Oprah Winfrey’s Best Acting Roles

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'Belief' New York Premiere
CREDIT: FameFlynet

Oprah Winfrey is known for her TV network, her inspiring personal story, and her long-running talk show, but she is also an actress. And here’s the crazy part, she’s a damn good actress, too.

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How, you must be asking, does a media mogul have the time not just to taking acting work but to commit to roles in such impressive ways?

Compared to most actresses in their sixties, her resume might be short, little more than twenty roles, but it is filled with challenging parts in important stories.

Let’s consider her very best stints on the big screen.

The Color Purple – In a role that earned Winfrey an Oscar nomination, she portrayed Sofia, a poor woman in rural Georgia in the 1930s who, along with Celie (Whoopi Goldberg), had to fight to be respected, as well as fighting physical abuse. It’s a harrowing story loaded with brave and touching moments.

Oprah’s performance, the Southern grit she conjures, as well as her character’s determination and fierce delivery are simply unforgettable.

Beloved – This isn’t an easy film to watch, but that’s a testament to the types of difficult roles Oprah is drawn to. She portrays Sethe, a mother and former slave coming to terms with discovering that a lost child has returned to her by supernatural means.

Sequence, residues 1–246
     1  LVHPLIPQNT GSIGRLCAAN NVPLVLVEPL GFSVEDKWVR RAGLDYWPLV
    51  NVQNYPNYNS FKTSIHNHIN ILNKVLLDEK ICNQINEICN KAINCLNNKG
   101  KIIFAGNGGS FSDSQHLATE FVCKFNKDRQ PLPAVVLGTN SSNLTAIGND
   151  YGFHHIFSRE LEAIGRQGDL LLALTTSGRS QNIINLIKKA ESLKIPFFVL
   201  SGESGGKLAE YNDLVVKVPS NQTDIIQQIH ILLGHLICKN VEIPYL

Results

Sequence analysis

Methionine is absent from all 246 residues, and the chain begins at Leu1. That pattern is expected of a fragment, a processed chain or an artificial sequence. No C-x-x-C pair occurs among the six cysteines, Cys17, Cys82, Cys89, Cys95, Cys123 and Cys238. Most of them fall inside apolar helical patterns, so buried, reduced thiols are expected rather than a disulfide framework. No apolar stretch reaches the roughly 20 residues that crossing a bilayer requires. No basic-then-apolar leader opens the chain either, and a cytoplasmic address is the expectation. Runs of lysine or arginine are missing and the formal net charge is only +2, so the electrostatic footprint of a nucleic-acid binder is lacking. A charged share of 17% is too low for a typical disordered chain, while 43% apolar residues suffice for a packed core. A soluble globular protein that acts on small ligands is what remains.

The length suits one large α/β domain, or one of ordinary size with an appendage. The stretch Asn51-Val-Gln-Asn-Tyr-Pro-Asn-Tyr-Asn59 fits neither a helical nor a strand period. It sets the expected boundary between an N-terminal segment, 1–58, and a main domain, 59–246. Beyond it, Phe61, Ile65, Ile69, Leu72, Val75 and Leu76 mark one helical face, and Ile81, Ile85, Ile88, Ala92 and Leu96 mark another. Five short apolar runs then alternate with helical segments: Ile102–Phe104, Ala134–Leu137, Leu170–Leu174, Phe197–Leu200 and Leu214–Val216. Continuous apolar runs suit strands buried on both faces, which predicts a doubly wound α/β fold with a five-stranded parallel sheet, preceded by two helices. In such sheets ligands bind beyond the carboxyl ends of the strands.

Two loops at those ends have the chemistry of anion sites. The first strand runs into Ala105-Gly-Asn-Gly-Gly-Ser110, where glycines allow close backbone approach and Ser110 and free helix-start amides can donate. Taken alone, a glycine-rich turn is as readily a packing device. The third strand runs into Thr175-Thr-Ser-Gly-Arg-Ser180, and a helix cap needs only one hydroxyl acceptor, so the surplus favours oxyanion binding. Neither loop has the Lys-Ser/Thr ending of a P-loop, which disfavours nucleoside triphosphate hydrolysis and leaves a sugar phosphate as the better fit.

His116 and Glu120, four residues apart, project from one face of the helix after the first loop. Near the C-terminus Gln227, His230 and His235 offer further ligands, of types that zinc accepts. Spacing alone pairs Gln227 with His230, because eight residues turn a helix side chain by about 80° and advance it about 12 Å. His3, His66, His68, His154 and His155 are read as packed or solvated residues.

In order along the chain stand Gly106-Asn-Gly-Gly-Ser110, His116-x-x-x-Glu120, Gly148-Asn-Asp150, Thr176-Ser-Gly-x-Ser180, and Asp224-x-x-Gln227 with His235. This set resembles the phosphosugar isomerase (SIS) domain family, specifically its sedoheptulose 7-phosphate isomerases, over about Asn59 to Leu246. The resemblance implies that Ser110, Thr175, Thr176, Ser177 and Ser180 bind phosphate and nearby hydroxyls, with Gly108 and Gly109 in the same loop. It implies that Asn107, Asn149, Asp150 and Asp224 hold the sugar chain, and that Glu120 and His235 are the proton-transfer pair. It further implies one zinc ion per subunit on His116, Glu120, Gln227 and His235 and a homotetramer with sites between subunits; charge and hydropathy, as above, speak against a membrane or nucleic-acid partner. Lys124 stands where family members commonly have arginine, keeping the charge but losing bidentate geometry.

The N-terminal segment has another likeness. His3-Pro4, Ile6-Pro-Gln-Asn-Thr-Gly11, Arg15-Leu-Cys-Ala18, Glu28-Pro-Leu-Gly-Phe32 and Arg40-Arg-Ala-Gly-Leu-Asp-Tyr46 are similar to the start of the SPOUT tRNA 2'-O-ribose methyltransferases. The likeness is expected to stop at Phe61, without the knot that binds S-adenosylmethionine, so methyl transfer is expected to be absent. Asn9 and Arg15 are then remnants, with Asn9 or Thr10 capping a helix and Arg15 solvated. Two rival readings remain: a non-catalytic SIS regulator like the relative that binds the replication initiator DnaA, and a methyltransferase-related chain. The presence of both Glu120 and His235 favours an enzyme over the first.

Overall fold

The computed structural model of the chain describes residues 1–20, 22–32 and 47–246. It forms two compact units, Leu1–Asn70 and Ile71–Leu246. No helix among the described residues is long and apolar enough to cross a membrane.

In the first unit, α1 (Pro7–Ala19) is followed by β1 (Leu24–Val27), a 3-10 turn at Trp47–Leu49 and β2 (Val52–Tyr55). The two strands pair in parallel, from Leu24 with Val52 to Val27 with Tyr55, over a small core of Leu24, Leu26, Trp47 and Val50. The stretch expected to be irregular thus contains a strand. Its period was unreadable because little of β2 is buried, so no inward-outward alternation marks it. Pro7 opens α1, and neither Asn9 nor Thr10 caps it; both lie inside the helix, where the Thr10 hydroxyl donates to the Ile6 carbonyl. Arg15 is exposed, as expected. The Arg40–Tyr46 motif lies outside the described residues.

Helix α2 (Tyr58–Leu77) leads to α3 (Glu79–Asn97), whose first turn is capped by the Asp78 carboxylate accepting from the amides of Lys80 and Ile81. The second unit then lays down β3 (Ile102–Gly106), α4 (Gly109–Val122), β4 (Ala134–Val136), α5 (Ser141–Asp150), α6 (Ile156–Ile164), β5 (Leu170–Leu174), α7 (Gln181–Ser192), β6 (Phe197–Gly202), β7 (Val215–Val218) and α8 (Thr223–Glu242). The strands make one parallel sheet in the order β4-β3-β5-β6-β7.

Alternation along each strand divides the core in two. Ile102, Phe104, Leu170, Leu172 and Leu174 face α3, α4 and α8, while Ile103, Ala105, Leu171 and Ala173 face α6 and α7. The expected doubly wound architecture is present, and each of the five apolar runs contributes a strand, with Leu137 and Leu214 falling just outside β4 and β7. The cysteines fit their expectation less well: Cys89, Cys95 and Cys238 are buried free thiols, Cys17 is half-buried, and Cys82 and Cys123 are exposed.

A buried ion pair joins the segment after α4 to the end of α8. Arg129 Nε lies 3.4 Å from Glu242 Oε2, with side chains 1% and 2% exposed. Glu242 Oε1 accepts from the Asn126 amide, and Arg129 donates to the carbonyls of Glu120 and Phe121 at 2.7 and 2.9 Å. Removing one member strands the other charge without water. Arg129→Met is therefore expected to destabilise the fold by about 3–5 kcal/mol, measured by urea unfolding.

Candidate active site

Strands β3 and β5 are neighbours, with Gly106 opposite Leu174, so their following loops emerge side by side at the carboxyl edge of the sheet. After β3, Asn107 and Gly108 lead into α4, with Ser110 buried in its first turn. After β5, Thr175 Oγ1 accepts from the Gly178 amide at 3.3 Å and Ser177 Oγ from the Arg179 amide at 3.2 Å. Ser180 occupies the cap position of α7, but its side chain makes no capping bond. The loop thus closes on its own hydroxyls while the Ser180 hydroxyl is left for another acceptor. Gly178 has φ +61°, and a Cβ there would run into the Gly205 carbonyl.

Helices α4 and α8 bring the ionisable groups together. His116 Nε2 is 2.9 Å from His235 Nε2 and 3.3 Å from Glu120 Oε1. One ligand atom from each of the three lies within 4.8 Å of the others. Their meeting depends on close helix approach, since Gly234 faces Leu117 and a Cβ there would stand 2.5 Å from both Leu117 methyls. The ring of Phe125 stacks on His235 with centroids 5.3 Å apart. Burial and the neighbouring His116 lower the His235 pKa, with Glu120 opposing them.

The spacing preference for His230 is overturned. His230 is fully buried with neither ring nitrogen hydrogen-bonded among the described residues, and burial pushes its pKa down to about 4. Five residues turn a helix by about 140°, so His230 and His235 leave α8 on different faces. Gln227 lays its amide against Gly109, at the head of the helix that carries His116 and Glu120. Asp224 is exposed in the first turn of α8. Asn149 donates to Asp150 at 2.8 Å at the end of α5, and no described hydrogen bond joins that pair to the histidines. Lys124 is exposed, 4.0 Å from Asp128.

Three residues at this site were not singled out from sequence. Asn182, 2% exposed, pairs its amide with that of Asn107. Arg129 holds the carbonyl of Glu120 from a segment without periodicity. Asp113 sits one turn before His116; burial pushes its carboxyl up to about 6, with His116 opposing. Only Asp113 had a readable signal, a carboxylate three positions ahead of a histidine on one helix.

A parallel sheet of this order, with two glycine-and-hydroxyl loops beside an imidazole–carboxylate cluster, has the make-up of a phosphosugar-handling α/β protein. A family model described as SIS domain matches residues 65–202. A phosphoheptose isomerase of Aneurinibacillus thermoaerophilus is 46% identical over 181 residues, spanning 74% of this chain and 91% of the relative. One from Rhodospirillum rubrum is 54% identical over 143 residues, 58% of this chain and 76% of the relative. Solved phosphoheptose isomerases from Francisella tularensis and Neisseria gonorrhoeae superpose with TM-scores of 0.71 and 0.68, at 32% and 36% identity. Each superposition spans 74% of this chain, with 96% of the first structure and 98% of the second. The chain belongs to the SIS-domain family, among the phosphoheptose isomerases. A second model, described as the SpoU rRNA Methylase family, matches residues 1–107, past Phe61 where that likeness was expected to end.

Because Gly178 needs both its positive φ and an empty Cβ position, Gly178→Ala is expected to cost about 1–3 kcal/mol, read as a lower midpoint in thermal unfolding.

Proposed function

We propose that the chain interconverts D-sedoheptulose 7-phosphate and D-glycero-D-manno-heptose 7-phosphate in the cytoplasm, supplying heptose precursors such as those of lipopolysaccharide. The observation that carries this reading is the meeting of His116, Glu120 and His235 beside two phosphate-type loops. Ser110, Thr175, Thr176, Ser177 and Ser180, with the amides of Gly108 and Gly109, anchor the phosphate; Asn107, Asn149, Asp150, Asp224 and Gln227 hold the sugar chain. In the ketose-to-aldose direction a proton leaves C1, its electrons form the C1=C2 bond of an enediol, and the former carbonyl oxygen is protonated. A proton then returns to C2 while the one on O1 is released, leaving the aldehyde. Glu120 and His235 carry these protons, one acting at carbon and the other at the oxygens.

With every smile and gesture, Winfrey communicates the struggle to be a good parent, and simply a good person when faced with devastating choices.

Lee Daniels’ The Butler – The film tells the true story of an African-American butler, Cecil Gaines (Forest Whitaker), who witnesses numerous significant events at his post in the White House. Oprah plays his strong, dutiful wife.

In one particularly memorable scene, Cecil and his wife’s son returns home to proclaim that he has joined the Black Panther movement. But his announcement only leads to an altercation. Winfrey once again embodies both charm and boundless strength in the supporting role.

Selma – If you haven’t seen Ava DuVernay’s film chronicling Dr. Martin Luther King Jr.’s march from Selma to Montgomery, Alabama, add it to the list. And although Oprah’s role in the film is small, her scenes are invaluable, as is her performance.

She portrays Annie Lee Cooper, a real resident of Selma, Alabama, who attempted numerous times to register to vote. However, the white registrar does everything he can to thwart her attempts. Her struggle to vote is part of the catalyst that results in the historic march.

Her performance is understated, but her wary expressions and quiet determination is spellbinding.

Have I forgotten a particular role? Let me know in the comments section!